are treated as a foreign territory in terms of customs laws. They are developed as exclusive export zones. Selling of goods by these manufacturing units in the domestic market or outside these zones is treated as imports and therefore the units have to pay full import duty.
"In this crisis time, we have asked the commerce ministry that SEZs
may be permitted for sale of their product in the domestic market on the discounted rate of basic customs duty, at least for one year. This will help them to utilise their capacity and required to save their employees and meet break-even," Export Promotion Council for SEZs and EOUs Vice-Chairman Bhuvnesh Seth said.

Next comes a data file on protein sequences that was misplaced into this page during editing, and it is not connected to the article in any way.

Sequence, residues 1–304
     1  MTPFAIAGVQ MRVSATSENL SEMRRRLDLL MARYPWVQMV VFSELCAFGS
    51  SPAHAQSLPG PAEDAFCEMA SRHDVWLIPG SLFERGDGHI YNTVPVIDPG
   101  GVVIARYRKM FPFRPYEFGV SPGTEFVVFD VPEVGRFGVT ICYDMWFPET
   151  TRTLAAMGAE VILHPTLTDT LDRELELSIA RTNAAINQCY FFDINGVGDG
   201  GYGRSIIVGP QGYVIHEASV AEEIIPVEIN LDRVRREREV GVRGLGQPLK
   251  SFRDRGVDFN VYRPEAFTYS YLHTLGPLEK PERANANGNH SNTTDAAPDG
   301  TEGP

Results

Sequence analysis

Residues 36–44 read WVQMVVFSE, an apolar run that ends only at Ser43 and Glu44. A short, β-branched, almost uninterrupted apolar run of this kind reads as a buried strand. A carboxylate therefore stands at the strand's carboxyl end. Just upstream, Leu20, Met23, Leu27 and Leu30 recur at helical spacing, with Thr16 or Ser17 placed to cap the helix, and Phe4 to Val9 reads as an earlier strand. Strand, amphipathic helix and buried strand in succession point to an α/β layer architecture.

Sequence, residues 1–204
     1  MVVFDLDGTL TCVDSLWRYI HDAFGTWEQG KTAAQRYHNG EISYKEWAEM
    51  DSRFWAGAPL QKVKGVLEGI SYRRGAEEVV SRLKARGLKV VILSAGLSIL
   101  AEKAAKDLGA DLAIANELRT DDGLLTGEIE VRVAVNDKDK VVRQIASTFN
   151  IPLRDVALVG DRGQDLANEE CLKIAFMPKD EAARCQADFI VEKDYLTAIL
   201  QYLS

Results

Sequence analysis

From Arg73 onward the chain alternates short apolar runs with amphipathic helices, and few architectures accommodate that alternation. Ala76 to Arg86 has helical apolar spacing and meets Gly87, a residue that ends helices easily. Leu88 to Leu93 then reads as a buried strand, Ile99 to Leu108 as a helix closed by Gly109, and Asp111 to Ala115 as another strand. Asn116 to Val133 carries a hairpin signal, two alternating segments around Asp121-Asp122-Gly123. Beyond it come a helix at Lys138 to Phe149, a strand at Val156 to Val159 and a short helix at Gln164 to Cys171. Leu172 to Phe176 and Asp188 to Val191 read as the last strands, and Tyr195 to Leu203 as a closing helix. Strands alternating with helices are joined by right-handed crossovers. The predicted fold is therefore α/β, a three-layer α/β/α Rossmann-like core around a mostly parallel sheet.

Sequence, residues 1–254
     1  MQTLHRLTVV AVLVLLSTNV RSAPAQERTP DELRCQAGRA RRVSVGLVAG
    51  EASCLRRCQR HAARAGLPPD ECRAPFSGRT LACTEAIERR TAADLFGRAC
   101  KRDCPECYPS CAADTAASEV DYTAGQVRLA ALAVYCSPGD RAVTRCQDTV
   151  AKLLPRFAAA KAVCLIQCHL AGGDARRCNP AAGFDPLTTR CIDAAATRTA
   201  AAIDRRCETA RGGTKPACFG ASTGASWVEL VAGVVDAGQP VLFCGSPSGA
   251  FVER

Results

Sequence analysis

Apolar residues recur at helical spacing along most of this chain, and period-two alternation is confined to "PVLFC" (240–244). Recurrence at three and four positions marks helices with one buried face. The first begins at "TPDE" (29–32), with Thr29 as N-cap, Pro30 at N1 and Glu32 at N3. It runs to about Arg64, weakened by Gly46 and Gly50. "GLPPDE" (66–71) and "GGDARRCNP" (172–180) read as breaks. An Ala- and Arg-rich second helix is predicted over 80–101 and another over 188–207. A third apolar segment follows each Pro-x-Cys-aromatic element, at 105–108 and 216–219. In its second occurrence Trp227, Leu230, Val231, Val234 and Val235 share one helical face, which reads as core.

He said that in the lockdown, the council has also urged for permission to resume work with minimum staff to execute export orders as exporters will lose clients to China or other Asian countries.
Seth said that due to the lockdown and huge cancellation of export orders, "employment retrenchment will be around 50 per cent". He added that liquidity crunch will not allow the zones to pay salaries for April.
The export-oriented units and SEZs are providing direct employment to more than 25 lakh person and has attracted an investments of more than Rs 5.50 lakh crore, he said.
"It has contributed Rs 7.87 lakh crore to India's export basket which is one-third of total national exports," he added.